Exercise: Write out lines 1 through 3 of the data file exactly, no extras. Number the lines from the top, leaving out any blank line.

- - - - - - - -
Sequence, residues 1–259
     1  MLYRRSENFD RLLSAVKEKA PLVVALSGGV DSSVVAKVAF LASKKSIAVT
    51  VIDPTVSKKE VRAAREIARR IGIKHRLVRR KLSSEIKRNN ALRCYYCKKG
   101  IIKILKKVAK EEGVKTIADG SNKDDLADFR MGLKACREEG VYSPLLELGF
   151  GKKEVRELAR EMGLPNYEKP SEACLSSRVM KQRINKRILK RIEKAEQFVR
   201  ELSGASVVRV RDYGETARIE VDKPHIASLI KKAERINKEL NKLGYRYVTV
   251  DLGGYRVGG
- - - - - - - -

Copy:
Sequence, residues 1–259
     1  MLYRRSENFD RLLSAVKEKA PLVVALSGGV DSSVVAKVAF LASKKSIAVT
    51  VIDPTVSKKE VRAAREIARR IGIKHRLVRR KLSSEIKRNN ALRCYYCKKG